Judge Approves $2.43 Billion Bank Of America Settlement


NEW YORK (UPI) — A federal judge in New York approved a $2.43 billion settlement to end claims Bank of America misled shareholders when it purchased Merrill Lynch & Co.

Bank of America closed on the purchase of Merrill Lynch in January 2009, having announced it had reached a deal to buy the financial giant in September 2008, one day before Lehman Brothers announced it was bankrupt.

Shareholders approved of the deal but later sued, claiming the bank’s executives misled them by not revealing the extent of financial problems at Merrill Lynch. At the time, Bank of America Chief Executive Officer Kenneth Lewis called the acquisition of Merrill Lynch, “the deal of a lifetime.”

The company’s market value did not reflect that sentiment. BofA shares lost more than half their value from the time the agreement to buy Merrill Lynch was announced to the time it was finalized, cutting BofA’s value by $70 billion.

Similarly, the Merrill Lynch deal was valued at $50 billion in September, when announced. By the time the deal closed, it was worth about $19 billio.

BofA did not admit any wrongdoing, but said it settled the matter to avoid prolonged litigation, The Wall Street Journal reported Saturday.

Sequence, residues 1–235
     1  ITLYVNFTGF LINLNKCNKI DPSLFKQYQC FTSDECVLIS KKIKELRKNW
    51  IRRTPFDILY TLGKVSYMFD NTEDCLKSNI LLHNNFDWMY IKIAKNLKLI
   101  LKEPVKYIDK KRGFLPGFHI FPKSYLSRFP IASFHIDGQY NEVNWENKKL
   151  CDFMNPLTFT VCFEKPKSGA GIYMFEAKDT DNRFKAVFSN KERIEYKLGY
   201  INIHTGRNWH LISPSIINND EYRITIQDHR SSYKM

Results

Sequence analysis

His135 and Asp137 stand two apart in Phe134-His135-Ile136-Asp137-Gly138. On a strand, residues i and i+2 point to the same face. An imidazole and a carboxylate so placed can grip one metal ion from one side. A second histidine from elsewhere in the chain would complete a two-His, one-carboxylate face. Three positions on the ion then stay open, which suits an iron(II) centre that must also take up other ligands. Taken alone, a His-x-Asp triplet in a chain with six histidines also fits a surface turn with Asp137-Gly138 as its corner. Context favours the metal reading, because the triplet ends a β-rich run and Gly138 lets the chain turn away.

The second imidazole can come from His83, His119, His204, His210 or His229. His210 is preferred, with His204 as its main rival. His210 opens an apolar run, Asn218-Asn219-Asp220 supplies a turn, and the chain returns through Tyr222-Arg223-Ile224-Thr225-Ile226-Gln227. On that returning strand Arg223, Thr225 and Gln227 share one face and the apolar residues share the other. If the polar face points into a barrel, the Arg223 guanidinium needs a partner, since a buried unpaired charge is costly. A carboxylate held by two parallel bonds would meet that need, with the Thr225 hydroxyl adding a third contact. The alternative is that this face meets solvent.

U.S. District Judge Kevin Castel said the settlement was “fair, reasonable and adequate,” and Max Berger, a lawyer for the lead plaintiffs in the lawsuit, said the settlement was “historic.”

It is the largest settlement for shareholders to come out of the 2008 financial crisis, the Journal said.

BofA was struggling on other fronts, as well. Primarily, it was the height of the 2008 financial crisis that originated in the United States and became so severe that a nearly global economic downturn ensued.

Very few financial firms, if any, were unscathed by the debacle.

Secondly, Bank of America purchased West Coast mortgage lender Countrywide Financial earlier in 2008.

With the financial crisis sparked by a downturn in the subprime mortgage market, and with California being one of the regions most affected by the market collapse, the purchase of Countrywide could hardly have been timed more poorly.

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